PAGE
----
For facilities that don’t have laundry rooms or need a less expensive option, a traditional cotton or synthetic dust mop may be a more appropriate choice.
Like microfiber, synthetic dust mops are long-lasting and do not require pretreatment, which is important for facilities that are concerned about safety, as well as indoor air quality.

“Synthetic mops fit really well in a healthcare setting,” says Simerly. “They attract dust and dirt electrostatically, so they don’t need to be pretreated. The fear in hospitals is you might overtreat a mop and make a slick floor, which could lead to people falling.”

Synthetic mops also hold up well to multiple launderings, unlike cotton dust mops which eventually deteriorate.

“Cotton is more of a convenience,” says Kramer. “A facility might have different width dust mop frames so they can buy a box of disposable cotton dust mop heads on a roll and cut them to the length of the frame. Others want something they can launder, but with multiple launderings the cotton fibers break down quicker than the synthetics.”

Cotton dust mops are suitable for removing loose debris, such as that found in hallways or corridors. They are often one of the least expensive options and require treating between applications. Sometimes cotton is used in conjunction with other fabrics, such as polyester or microfiber, to create a hybrid dust mop that features the best of both worlds.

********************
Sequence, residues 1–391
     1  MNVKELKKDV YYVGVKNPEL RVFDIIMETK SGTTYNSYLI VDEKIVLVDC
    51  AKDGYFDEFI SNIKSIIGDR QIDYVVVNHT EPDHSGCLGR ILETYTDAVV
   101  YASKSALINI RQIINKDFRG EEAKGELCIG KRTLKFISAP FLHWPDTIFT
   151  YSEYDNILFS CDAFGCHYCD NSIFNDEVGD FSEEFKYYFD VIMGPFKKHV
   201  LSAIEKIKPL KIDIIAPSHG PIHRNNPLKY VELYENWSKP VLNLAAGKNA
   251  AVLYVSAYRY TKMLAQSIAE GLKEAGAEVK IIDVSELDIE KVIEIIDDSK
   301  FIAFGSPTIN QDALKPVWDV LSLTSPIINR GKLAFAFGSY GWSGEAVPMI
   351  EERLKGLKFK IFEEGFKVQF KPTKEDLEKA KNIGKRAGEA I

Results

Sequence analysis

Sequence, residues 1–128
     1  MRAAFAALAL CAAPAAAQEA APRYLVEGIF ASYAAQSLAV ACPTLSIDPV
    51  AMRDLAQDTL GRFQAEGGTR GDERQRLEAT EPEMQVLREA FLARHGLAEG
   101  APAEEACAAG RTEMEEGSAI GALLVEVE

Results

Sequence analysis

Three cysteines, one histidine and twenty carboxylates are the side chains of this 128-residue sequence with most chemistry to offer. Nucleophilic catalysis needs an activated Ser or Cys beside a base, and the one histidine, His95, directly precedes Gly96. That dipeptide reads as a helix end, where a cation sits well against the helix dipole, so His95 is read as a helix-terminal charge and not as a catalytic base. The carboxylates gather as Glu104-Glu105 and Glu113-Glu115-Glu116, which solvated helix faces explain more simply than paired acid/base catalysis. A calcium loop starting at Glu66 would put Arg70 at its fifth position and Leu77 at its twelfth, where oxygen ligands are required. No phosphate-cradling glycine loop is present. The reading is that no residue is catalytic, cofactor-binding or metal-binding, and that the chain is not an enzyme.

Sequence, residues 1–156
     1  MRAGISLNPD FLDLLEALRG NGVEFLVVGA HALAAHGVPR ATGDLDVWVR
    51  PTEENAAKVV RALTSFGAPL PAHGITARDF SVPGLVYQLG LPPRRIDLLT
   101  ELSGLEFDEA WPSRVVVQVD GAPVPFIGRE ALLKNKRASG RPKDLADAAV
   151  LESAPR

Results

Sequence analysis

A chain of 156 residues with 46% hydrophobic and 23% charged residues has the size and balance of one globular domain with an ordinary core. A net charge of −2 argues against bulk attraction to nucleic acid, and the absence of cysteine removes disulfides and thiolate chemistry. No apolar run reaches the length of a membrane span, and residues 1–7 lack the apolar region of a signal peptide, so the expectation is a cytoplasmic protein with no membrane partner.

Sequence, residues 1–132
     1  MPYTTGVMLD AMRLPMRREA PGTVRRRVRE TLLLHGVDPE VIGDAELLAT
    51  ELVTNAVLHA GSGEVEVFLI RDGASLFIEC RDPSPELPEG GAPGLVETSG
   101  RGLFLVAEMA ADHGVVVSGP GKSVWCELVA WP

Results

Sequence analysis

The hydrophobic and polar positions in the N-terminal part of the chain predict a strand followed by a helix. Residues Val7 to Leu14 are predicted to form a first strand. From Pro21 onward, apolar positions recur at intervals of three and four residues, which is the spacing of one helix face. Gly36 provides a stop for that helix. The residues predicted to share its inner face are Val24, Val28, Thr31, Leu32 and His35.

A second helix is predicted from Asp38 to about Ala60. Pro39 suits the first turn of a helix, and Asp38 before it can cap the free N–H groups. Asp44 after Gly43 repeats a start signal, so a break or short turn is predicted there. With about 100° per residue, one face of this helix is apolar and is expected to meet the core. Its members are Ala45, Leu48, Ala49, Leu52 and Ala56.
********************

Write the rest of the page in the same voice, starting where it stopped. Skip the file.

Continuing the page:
“There are products that combine the two technologies — cotton and microfiber,” says Franiak. “The center of the dust mop head is microfiber, and then around the edges you have your traditional cotton loops. At the point of contact on the floor you’re getting good adhesion to the floor, and some of that loose debris is going to attach to the microfiber head. Then you’ve got the loops round the edges that catch any of the larger, looser debris.”

Although not a traditional yarn, biofiber is also beginning to infiltrate the dust mop category. Known for its strength and light weight, biofibers are made from stem fiber plants such as flax and hemp.

“We’re seeing movement toward the biofiber mop,” says Simerly. “It consists of thin, precut sheets of material. It’s really inexpensive and it’s a great way to dust the floor, particularly smooth VCT and wood floors.”

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